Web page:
If the cruel year of 2020 has taught Cam anything, it’s to prioritize the things that mean the most to her, from family and friends to the daily decisions she now makes as not only a wife and a mother, but also as one of the most innovative music makers of our time.
It’s a crucial and complex shift that she explains rather simply.
“I have way less ‘give a fuck’ these days,” Cam says in an interview with American Songwriter while she self-quarantined with her husband, Adam Weaver, and baby daughter, Lucy, in the days after COVID-19 began its hold on the world. “Things I used to worry about, I now don’t give it a second thought. I’m much less afraid of expressing myself. I’m quicker to say, ‘nope.’ I only have a certain amount of time and I don’t want to spend time on that. I tell people things like it is. I know what I want.”
And what she has wanted and worked on for the past three years is an album filled with music that can only materialize when a woman grows up in every way imaginable.
“When I first started out in music, I was so new and unsure about just about everything,” says Cam, who burst onto the country music scene with the lyrically apocalyptic 2015 hit “Burning House,” which still remains the best-selling country song by a female solo artist over the past five years. “I spent a lot of time wondering if people would accept me and if I was good enough.”
Inside, she knew she was.
So in 2017, she released the global-favorite “Diane,” which many referred to as a modern-day “Jolene.” The next year, Cam asked to be separated from her label, Sony Nashville, whose operations, she says, were not in line with her values. She went and toured internationally, co-wrote with Sam Smith and opened for Harry Styles at the legendary Ryman Auditorium in Nashville.
And she grew up.
And she grew confident.
And in that growth, a new album materialized in the form of Otherside.
“It’s been a long road with this album, whether I wanted it that way or not,” the somewhat genre-less artist explains. “It’s been amazing to have the time to work on it and perfect it. When I got the final mixes, I was like, ‘oh wow.’ I feel like I did what I wanted to do, and it sounds the way I wanted it to sound, and it feels the way I wanted it to feel. I just had such a better understanding of myself this time around. Instead of saying that, ‘I hope they like this,’ I’m saying that, ‘I made what I wanted and I know they are going to like it.’ So yeah, it feels really good right now.”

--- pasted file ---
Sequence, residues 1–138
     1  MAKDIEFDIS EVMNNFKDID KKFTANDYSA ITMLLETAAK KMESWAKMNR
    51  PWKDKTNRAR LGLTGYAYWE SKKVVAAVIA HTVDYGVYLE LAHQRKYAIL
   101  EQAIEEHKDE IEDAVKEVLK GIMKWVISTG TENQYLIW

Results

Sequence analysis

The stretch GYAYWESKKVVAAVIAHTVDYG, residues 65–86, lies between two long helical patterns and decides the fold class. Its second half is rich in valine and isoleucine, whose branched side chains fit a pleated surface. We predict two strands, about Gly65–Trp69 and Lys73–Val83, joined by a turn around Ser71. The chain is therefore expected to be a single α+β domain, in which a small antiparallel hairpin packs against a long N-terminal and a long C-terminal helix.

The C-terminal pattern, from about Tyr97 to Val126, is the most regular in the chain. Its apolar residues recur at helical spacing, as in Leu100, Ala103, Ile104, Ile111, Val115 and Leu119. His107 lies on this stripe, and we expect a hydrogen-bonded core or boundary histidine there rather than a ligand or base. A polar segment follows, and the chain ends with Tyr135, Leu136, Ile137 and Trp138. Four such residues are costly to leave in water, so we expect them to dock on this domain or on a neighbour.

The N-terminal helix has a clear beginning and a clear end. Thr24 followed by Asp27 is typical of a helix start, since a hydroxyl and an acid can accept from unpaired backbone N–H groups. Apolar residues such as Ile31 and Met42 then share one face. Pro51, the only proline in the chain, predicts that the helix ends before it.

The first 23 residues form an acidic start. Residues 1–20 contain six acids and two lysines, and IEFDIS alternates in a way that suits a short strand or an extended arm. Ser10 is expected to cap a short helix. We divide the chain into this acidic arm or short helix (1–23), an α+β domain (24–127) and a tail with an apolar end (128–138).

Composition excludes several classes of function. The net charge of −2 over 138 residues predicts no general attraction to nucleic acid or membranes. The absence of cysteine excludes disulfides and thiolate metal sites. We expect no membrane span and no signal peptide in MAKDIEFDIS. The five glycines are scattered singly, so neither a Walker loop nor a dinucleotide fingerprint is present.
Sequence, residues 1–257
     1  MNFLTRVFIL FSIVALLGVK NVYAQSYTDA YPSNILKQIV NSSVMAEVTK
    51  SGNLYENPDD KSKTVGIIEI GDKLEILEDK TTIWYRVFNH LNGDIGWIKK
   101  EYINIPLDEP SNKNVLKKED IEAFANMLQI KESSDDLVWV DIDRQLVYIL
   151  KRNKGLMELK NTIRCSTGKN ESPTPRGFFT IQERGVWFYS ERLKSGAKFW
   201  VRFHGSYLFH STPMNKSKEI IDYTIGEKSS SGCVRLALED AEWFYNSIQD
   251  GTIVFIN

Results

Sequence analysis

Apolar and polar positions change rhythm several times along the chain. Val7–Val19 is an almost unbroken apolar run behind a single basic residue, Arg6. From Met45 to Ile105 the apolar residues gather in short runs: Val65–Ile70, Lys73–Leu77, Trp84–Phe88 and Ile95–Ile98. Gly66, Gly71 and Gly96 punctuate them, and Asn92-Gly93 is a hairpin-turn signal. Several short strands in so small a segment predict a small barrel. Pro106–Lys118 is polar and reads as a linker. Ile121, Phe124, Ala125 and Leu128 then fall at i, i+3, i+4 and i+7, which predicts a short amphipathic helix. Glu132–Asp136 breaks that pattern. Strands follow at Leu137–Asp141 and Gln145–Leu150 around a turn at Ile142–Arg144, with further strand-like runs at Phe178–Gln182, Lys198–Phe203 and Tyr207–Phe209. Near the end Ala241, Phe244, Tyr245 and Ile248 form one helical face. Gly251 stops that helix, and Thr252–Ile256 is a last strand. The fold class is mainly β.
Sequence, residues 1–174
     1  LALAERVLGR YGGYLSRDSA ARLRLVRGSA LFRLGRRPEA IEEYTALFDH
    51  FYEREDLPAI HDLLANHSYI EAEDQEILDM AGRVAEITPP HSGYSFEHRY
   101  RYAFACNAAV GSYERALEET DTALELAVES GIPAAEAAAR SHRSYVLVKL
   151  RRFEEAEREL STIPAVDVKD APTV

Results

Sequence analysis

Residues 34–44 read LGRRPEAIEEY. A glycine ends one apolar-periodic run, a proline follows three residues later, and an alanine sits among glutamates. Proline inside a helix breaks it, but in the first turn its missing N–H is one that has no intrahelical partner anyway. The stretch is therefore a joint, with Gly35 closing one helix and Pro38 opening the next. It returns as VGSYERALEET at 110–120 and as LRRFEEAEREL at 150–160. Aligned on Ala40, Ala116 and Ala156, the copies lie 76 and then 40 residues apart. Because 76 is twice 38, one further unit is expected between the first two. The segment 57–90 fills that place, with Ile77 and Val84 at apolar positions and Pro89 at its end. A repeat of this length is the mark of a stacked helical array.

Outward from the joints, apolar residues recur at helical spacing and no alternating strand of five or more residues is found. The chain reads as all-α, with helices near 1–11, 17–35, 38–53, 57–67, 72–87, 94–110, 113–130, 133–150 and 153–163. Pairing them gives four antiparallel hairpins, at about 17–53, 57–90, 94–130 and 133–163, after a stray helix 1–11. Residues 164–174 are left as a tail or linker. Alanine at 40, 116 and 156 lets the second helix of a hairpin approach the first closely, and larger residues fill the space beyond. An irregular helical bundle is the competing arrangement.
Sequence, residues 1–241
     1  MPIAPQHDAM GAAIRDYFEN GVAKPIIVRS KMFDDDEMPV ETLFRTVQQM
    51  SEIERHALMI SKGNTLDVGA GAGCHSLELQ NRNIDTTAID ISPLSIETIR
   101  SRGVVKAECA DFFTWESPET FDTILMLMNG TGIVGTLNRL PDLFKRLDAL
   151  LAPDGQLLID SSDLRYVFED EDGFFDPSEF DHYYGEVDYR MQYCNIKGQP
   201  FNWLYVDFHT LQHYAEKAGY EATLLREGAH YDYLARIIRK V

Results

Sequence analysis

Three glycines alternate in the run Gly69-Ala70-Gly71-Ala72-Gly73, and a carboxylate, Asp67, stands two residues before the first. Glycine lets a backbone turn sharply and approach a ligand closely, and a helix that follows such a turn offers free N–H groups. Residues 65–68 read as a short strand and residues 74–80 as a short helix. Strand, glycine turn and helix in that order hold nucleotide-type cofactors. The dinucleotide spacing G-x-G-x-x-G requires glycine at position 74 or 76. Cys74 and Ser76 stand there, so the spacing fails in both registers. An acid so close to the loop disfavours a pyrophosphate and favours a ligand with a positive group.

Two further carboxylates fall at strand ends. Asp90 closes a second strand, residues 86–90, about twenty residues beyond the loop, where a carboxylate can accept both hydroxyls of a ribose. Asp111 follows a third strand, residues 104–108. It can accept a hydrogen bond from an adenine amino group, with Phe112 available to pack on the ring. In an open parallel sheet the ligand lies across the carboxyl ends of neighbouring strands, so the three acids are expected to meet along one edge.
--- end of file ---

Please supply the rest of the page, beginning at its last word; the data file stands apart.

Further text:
Featuring cuts such as the excruciatingly painful “What Goodbye Means” and the quite romantic “Like a Movie,” Otherside was written in Los Angeles, Nashville and New York, utilizing collaborators/executive producers Tyler Johnson (Harry Styles, Sam Smith) and Grammy-winner Jeff Bhasker (Kanye West, Bruno Mars).
“I got to work with some amazing people, but I’m not the type that goes out and gets whoever wrote the biggest hit last year so I can work with them,” Cam says. “I don’t like leaning on people just because they made other hits. I was lucky enough to have success simply by being different the first time, so really that reinforces my belief that I can now do whatever I want.”
Offering listeners a musical kaleidoscope of sounds and textures, each song on Otherside shines brightly on its own. That’s something that Cam — who once aspired to be a justice on the Supreme Court — specifically set out to accomplish.
“Every song got its own production on this album,” she explains. “I used the whole color wheel on this album. No song sounds the same. Every song sounds the way it should sound.”
One thing that has yet to change is Cam’s tendency to still feel a tad uneasy about the craft of songwriting itself.
“Writing is difficult for me, not because I’m not good at it, but because it’s a time when I have to be very vulnerable,” she says. “I mean, I go into some songwriting sessions and my face actually gets hot because I’m so nervous what I’m going to say. Is it good enough? Should I say it? And can I really say it out loud?”
On the sexy lead single “Till There’s Nothing Left,” for example, Cam was left to wonder how far was too far to go lyrically.
“Me and my husband will go drive and have a quickie in the back of the car,” she laughs. “Why am I embarrassed to sing about that? All these dudes are talking about this in every song. Sex is ours too.”
And on Otherside, she makes these sorts of statements louder than ever not only for her benefit but for her fans’ benefit, as they have been thirsty for new music from the California native.
“I hope they hear their stories in this album,” Cam concludes. “I mean, I remember the days when I was a senior in high school listening to The Indigo Girls. Through those songs, someone could say things that I didn’t know how to express. It makes you feel seen and makes your life a little bit easier.”
And for now, Cam says there is no better feeling than that.